In February of 1862 or March of 1862, after Fort Henry and Fort Donaldson were taken, Ulysses S. Grant, the Petraeus of that era, would have been considered a genius. And this was a great idea – you could not let a separate Confederate nation exist side-by-side to a free, non-slaveholding North.

Had you had this same conversation April 8th, a day after the Battle of Shiloh – a battle in which the Union and Confederate armies suffered more dead and wounded than every battle in the history of the republic from its inception in 1776, people had turned on the war. If we had had the conversation nearly a year later, July 5th, 1863, with that brilliant victory of Grant at Vicksburg and Meade at Gettysburg, suddenly you couldn’t find anybody who had not been for that war all along.

If you fast-forward another year to that horrendous summer of 1864, when the North knew that it was one thing to repel a Southern invader and quite another to take and occupy a country the size of Western Europe, especially when that country had some of the best cavalry officers in the history of civilized warfare, and men like Nathan Bedford Forrest – but anyway, if you'd looked at that summer, think of it – Cold Harbor, The Wilderness, Spotsylvania – in that period of 90 days, the army of the Potomac was essentially wrecked, destroyed – 100,000 casualties. And you had Horace Greeley and other Northern opportunists saying the problem was not that Lincoln was going to lose to McClellan; it was that he shouldn't even run for reelection.

If you fast-forward to September 2nd, Uncle Billy Sherman took Atlanta, Phil Sheridan said he was going to turn the Shenandoah into a place where even the crows could not land and find food, and he did. Suddenly the South was humiliated, demoralized. You couldn't find anybody who was not for Lincoln all along.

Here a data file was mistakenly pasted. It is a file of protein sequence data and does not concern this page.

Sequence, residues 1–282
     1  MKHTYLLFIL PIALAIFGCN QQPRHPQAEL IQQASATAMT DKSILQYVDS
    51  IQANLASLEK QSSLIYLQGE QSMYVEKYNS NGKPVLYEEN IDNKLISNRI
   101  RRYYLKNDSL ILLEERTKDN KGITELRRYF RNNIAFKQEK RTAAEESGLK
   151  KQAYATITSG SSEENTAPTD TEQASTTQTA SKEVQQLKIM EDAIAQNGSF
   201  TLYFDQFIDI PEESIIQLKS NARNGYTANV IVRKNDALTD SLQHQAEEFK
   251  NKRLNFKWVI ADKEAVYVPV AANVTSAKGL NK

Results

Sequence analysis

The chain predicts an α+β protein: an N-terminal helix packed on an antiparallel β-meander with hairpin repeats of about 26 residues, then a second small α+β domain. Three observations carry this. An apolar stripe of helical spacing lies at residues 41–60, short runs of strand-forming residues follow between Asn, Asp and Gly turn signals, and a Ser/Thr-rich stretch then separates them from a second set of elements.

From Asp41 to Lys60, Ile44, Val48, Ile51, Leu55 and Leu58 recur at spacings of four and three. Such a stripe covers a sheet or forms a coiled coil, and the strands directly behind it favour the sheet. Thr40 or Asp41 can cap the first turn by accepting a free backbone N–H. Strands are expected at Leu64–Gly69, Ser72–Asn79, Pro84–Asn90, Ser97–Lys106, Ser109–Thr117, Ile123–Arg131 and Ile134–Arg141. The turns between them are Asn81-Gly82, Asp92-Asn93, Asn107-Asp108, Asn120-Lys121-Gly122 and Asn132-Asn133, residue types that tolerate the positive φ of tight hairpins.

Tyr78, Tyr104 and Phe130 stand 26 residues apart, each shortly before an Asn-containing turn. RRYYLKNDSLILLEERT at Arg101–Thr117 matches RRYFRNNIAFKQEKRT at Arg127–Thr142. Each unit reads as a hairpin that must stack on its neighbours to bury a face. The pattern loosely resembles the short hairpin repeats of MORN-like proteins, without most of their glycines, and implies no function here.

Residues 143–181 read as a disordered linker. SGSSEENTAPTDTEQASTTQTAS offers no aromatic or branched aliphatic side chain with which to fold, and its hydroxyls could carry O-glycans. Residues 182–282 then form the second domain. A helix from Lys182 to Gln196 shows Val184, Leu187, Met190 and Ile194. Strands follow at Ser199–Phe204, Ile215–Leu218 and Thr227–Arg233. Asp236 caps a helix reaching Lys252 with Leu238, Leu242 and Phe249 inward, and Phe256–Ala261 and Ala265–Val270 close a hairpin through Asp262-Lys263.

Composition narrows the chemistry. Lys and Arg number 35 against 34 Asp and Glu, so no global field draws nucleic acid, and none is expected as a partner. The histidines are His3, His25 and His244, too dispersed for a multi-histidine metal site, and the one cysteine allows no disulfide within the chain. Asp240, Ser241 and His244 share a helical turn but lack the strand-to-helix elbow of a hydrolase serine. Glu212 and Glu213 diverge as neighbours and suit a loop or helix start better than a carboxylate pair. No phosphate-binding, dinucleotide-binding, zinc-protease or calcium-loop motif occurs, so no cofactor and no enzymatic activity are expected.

That is what happens in wars. We could do the same thing with the Korean War. Everybody thought it was a great idea to draw the line against Communism, in June and July of 1950. By the time we were down to the Pusan Peninsula, they thought it was a terrible idea. It was not who didn't up-armor the Humvees, and who didn't have enough body armor; but who in his right mind would put an American in a Sherman tank against a T-34 when he had Pershing tanks? And who was responsible? We had four secretary of defenses in a period of 24 months – there was so much recrimination over that war.

And then suddenly, Douglas MacArthur does Inchon that nobody thought would work. And within two months, we're 100 miles from the Chinese border. And the question is not saving South Korea but unifying both Koreas, and home for November. Then suddenly, 750,000 Chinese come. And whose fault was that? And it's a terrible thing for the next two years, and Harry Truman's going to leave office with 22% approval rating.

And then they send another Petraean figure, General Matthew Ridgway. And suddenly it's restored, and now we think that Truman was the architect of containment and a great man.
And that's what happens in wars. Our problem is that in our utopian generation, a generation that is the beneficiary of the work of past generations whom we rarely credit, we've achieved a level of affluence and freedom and license that no other generation can even imagine. And so we feel that if things are not perfect, they're not good – so high are our expectations.

And that's how we've looked at this war. We've changed as often as we have about Hillary's chances. Remember she was a shoe-in, then she imploded after Iowa, then she was back, and it was Clinton, Incorporated. It's sort of like that killer in "No Country for Old Men" – nobody could stop her. And then suddenly, now she's toast. And now she's just sitting there with that Cheshire grin, knowing that a guy like Obama's going to mess up sometime. And that's what war is like.

So here we are, then, after the surge, with a renewed consensus that we should not withdraw precipitously, and that we probably can obtain our objectives. And what are our objectives? It was to create a constitutional state, not like Santa Barbara here, but something analogous to Kurdistan, Turkey. It may, in fact, have an elected government that doesn't like us but would not transform oil wealth into a base for terrorists, or a promulgate al-Qaeda ideology, or a state that attacked four of its neighbors, as was true in the past; or a state that would require perennial no-fly zones and corruption like Oil for Food. That's what the goal is.